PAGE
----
What Tuesday’s election results could mean for 2020

November 6th, 2019


Robert Costa with the major takeaways from Tuesday’s elections. Abby Ohlheiser explains how a tracking app is transforming parent-child …

The Texas teenagers who allegedly smuggled immigrants across the southern border

November 5th, 2019


Karoun Demirjian on what we’ve learned from the impeachment inquiry transcripts released this week. Maria Sacchetti on the role U.S. citizens play in …

Guns in the gym: The NRA’s charity arm raffles off weapons in American schools

November 4th, 2019


Beth Reinhard on why the NRA is raffling off guns in American schools. Jason Rezaian examines Iran’s history of hostage-taking. And Joel Achenbach …

Restoring Afghanistan’s lost era of film

November 1st, 2019


Siobhán O’Grady visits the archivists restoring film reels hidden during the Taliban era. And Peter Finn explains how an adventure-seeking socialite became the first American woman in uniform captured by the Nazis.

The Canadian islands crumbling into the sea

October 31st, 2019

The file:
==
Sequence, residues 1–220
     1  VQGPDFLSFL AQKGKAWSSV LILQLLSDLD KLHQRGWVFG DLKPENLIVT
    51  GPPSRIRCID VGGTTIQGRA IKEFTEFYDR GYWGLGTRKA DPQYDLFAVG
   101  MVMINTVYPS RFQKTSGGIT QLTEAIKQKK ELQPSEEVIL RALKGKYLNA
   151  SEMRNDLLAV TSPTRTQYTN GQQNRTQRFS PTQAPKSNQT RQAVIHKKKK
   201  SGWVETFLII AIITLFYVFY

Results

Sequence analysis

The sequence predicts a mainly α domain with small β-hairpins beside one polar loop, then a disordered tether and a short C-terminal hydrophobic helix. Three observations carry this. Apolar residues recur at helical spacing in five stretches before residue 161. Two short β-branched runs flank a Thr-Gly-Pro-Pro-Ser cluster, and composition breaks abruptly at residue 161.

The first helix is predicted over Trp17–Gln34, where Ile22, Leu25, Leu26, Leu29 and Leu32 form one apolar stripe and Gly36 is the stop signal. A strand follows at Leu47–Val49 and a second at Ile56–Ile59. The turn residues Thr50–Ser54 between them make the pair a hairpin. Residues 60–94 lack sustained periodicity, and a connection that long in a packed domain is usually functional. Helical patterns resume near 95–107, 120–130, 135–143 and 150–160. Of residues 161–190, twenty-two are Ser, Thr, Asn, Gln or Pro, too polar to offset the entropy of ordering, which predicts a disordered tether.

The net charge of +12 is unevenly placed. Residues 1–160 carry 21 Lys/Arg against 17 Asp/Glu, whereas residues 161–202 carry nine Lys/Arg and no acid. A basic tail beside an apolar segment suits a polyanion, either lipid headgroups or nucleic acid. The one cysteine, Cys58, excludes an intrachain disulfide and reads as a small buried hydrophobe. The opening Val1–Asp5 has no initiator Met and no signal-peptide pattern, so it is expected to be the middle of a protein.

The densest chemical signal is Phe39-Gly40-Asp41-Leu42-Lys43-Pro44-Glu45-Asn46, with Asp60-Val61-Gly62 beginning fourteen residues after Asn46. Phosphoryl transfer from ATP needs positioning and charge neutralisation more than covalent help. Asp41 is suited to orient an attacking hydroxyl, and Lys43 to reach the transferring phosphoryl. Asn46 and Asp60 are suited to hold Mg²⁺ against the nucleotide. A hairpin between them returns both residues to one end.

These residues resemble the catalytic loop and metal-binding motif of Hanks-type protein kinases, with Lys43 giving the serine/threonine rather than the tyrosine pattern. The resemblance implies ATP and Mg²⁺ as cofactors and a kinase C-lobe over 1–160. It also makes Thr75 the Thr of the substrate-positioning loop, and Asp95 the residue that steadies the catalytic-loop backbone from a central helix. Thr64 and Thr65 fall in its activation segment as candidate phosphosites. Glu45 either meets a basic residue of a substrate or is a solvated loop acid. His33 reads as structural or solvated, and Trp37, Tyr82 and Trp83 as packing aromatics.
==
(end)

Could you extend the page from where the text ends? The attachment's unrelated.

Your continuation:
Brady Dennis examines the effect of climate change on Canadian islands. Karen DeYoung clarifies the complicated U.S.-Turkey relationship. Maura Judkis on a cradle of outlandish Halloween costumes. And Tracy Grant …

A California utility that cut off power to curb wildfires may have caused them

October 31st, 2019


Douglas MacMillan reports on a utility’s controversial plan to prevent California wildfires. Heather Long explains why the deficit is ballooning …

House Democrats prepare for first impeachment vote

October 29th, 2019


Mike DeBonis on what the upcoming impeachment vote means. Josh White on why the Supreme Court is considering whether a D.C. sniper should be …

How Baghdadi’s death could be rallying cry for ISIS

October 28th, 2019


Missy Ryan on how U.S. troops closed in on ISIS leader Abu Bakr al-Baghdadi. Peter Whoriskey explains the ethical uncertainty of what goes into a …